Thousands of homes in south-west London could soon be warmed by the waste from their local sewage works as part of England’s first poo-powered district heating scheme.
Thames Water hopes to harness the heat of human waste from its treatment plant in Kingston upon Thames to warm more than 2,000 new homes that form part of a regeneration plan for the borough’s Cambridge Road estate.
Typically, the water company flushes the clean warm water that remains after it has treated its customers’ sewage back into a local river system as effluent. But under the new plan it will funnel the warm water to an energy centre where the effluent will help heat the water destined to warm local homes.
The new Thames Water energy centre will use heat pumps to boost the temperature of the water higher, and heat exchangers to transfer the heat of the waste water to a separate system of water pipes which will carry hot water to the district heating scheme.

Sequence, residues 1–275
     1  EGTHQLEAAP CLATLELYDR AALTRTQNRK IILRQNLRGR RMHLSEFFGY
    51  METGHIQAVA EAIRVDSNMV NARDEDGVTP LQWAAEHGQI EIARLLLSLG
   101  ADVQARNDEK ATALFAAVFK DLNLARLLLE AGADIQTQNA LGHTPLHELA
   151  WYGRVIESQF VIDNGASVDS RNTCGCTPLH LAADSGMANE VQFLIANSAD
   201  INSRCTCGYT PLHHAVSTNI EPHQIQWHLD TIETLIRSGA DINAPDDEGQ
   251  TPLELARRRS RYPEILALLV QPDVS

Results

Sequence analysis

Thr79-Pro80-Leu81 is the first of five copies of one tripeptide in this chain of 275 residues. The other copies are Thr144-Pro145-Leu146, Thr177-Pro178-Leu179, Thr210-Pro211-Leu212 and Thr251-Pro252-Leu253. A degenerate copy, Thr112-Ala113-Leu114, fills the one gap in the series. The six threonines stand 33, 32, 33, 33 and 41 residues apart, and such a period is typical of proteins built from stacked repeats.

Caroline Kerr, the leader of Kingston council, described the scheme to turn waste into clean energy as a “groundbreaking” step to help make the homes on the Kingston estate some of the greenest in the country.
By using renewable poo-powered heating in place of fossil fuel gas, the scheme could save 105,000 tonnes of carbon dioxide emissions over 30 years, according to Thames, the equivalent of 157,000 return flights from London to New York or more than 15,000 car journeys around the world.
“It’s a first for England and shows we are serious about reducing carbon in the borough. This is a real opportunity to be bold and ambitious for future generations,” she said.
The district heating scheme could be expanded so that public and commercial buildings in Kingston town centre also feel the warmth of human waste.
Sarah Bentley, the new chief executive of Thames Water, said the renewable heat from the water company’s sewer network is “a fantastic resource, so it’s vital we are a leading player in energy transition and unlock the full potential of ‘poo power’.”
She said she was confident that the Kingston project could help unlock the heating potential of sewage across the country as the government prepares to ban gas boilers in new housing developments from 2025.
The UK’s first district heating scheme to be warmed by human waste was set up in 2015 by Scottish Water to provide 95% of the heat required by Borders College in Galashiels.
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